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Cartwright v. Christian County

United States District Court, W.D. Kentucky, Paducah Division

June 20, 2018

JUDY CARTWRIGHT, as Administratrix of the Estate of Triston Lamark Taylor, PLAINTIFF



         This matter comes before the Court upon Motion by Plaintiff Judy Cartwright, (“Plaintiff”), as Administratrix of the Estate of Triston Lamark Taylor, for leave to file a Second Amended Complaint. [DN 49.] Defendants[1] have filed a Response, [DN 53], and Plaintiff has filed a Reply. [DN 54.] This matter is ripe for adjudication and, for the reasons that follow, IT IS HEREBY ORDERED that Plaintiff's Motion, [DN 49], is GRANTED.

         A. Background

         This case arises out of events which transpired at the Christian County Jail from September 2016 until April 2017. [DN 26, at 9-10.] Triston Lamark Taylor, (“Taylor”), was arrested on September 29, 2016 and charged with second degree assault. [Id. at 9.] As a result, he was taken to the Christian County Jail. [Id.] Thereafter, due to his mental health issues, Taylor was twice sent to the Kentucky Correctional Psychiatric Center, (the “Psychiatric Center”), in La Grange, Kentucky for the purpose of receiving psychiatric evaluations. [Id.] According to Plaintiff's first Amended Complaint, “[a]t approximately 8:37 a.m. on April 17, 2017, the Hopkinsville Ambulance Service received a call and was dispatched to the Christian County Jail” and, upon arrival, the “paramedics found [Taylor] lying supine on the floor, unresponsive…He was transported by ambulance to Jennie Stuart Medical Center. The hospital called his time of death at 9:10 a.m. on April 17, 2017.” [Id. at 10.] Apparently, when Taylor first arrived at the Christian County Jail, he weighed approximately 350 pounds and, on the day he died, he weighed 258 pounds. [Id. at 9-10.] In her Reply, Plaintiff indicates that the postmortem examination of Taylor, conducted “by the Western Kentucky Regional Medical Examiner's Office, indicated [Taylor] died of malnutrition/starvation…. [DN 54, at 2-3.] Additionally, the examination uncovered “injuries consistent with [Taylor] having been sexually assaulted. A sexual assault kit was collected at the time of the autopsy.” [Id. at 3.] Finally, Plaintiff's first Amended Complaint also indicates that, while Taylor was housed at the Christian County Jail, one of the Defendants, Christopher Marlar, “shocked [Taylor] with a Taser device at least two times.” [DN 26, at 15.]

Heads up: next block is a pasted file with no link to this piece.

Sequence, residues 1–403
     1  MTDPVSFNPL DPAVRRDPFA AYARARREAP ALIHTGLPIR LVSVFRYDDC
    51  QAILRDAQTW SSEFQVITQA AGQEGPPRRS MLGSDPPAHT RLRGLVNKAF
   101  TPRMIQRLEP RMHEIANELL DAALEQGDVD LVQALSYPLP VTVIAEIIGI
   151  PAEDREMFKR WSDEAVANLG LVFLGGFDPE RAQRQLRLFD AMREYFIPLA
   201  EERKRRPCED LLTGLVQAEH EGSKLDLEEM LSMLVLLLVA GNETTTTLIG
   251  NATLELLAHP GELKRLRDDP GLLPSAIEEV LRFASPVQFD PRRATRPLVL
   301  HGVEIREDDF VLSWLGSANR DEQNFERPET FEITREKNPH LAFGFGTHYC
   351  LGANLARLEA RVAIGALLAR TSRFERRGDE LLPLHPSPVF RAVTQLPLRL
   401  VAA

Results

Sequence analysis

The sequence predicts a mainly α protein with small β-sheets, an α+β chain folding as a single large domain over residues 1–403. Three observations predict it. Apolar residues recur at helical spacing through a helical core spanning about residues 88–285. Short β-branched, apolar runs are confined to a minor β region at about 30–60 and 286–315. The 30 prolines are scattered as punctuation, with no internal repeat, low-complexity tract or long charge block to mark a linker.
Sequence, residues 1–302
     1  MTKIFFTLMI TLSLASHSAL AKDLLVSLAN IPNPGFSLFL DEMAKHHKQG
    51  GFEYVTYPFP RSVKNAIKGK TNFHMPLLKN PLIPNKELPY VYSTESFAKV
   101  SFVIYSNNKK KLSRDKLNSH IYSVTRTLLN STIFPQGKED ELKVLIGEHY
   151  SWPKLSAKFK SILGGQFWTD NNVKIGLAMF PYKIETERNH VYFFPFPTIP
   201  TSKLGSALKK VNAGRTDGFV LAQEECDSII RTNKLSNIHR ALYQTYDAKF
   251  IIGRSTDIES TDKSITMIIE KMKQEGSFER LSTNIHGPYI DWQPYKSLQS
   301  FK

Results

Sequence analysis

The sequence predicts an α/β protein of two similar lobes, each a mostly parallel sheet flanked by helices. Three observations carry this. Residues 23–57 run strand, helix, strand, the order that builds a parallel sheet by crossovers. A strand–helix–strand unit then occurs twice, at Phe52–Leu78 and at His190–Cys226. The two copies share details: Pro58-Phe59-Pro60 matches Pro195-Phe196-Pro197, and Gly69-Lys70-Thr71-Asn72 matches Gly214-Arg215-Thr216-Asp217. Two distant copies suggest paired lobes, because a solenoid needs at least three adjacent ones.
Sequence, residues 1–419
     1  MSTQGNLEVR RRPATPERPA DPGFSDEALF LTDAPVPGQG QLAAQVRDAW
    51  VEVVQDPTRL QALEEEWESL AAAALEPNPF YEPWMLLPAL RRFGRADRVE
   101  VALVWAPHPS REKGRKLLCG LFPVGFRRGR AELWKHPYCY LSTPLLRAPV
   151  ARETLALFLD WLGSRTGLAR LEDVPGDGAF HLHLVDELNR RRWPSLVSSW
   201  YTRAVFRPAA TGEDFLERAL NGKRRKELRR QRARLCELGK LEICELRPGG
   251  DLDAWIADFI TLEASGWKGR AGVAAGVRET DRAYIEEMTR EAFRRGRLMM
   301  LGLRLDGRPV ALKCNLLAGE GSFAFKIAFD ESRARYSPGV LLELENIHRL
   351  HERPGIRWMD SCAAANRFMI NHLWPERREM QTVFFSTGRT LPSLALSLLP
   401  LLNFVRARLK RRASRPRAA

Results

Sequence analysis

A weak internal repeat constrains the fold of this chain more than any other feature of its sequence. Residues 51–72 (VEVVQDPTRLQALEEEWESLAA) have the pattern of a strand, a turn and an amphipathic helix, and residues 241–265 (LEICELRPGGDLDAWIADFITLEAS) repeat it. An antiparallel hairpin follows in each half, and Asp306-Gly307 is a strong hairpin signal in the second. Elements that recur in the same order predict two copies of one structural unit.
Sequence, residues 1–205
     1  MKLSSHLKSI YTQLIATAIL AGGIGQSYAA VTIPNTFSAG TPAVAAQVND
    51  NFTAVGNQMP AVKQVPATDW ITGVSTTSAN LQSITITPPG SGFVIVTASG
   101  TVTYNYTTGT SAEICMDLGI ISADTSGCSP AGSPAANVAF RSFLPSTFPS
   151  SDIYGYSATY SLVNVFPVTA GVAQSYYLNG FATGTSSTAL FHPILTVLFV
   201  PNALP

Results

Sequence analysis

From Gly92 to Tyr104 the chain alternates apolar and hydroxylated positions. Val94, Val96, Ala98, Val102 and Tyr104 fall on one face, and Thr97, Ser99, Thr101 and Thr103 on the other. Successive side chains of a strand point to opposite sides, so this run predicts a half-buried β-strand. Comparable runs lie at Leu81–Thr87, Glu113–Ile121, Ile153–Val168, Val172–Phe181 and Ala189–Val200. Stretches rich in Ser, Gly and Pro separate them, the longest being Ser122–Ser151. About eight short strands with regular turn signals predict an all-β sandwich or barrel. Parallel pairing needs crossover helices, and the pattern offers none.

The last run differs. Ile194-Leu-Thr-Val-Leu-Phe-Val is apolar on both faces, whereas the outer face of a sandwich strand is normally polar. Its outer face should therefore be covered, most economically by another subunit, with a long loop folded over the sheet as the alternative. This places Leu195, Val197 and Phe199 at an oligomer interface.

As Administratrix of Taylor's Estate, Plaintiff, who is also Taylor's mother, filed the instant lawsuit on December 7, 2017. [DN 1.] Thereafter, she filed her first Amended Complaint on April 13, 2018. [DN 26.] Therein she lays out six claims: (1) deliberate indifference to serious medical needs; (2) deliberate indifference for failure to protect; (3) wrongful death; (4) survival; (5) negligence; and (6) excessive force and failure to protect. [See Id. at 11-16.] Named in the first Amended Complaint are nineteen Defendants. Now, Plaintiff seeks leave of the Court to file a second Amended Complaint, which would add twenty-seven more individuals to the case. The merits of this Motion are discussed below.

         B. Legal Standard

         Federal Rule of Civil Procedure 15(a) permits parties to amend their pleadings “as a matter of course, ” that is, without leave of the court, within “(A) 21 days after serving it, or (B) if the pleading is one to which a responsive pleading is required, 21 days after service of a responsive pleading or 21 days after service of a motion under Rule 12(b), (e), or (f), whichever is earlier.” Fed.R.Civ.P. 15(a)(1)(A)-(B). Where such time has passed, “a party may amend its pleading only with the opposing party's written consent or the court's leave.” Fed.R.Civ.P. 15(a)(2). The rule instructs that “[t]he court should freely give leave when justice so requires.” Id.

         The Sixth Circuit Court of Appeals has explained that “the thrust of Rule 15 is to reinforce the principle that cases ‘should be tried on their merits rather than the technicalities of pleadings.'” Moore v. City of Paducah, 790 F.2d 557, 559 (6th Cir. 1986) (quoting Tefft v. Seward, 689 F.2d 637, 639 (6th Cir. 1982)). Factors the district court may consider in reaching its determination include the following: “[u]ndue delay in filing, lack of notice to the opposing party, bad faith by the moving party, repeated failure to cure deficiencies by previous amendments, undue prejudice to the opposing party, and futility of amendment….” Coe v. Bell, 161 F.3d 320, 341 (6th Cir. 1998) (internal quotation marks and citations omitted). Importantly, “[t]he decision as to whether justice requires the amendment is committed to the district court's sound discretion.” Moore, 689 F.2d at 639 (citations omitted). A district court will only be found to have abused its discretion where it “fails to state the basis for its denial or fails to consider the competing interests of the parties and likelihood of prejudice to the opponent.” Id. (citations omitted).

         C. Discussion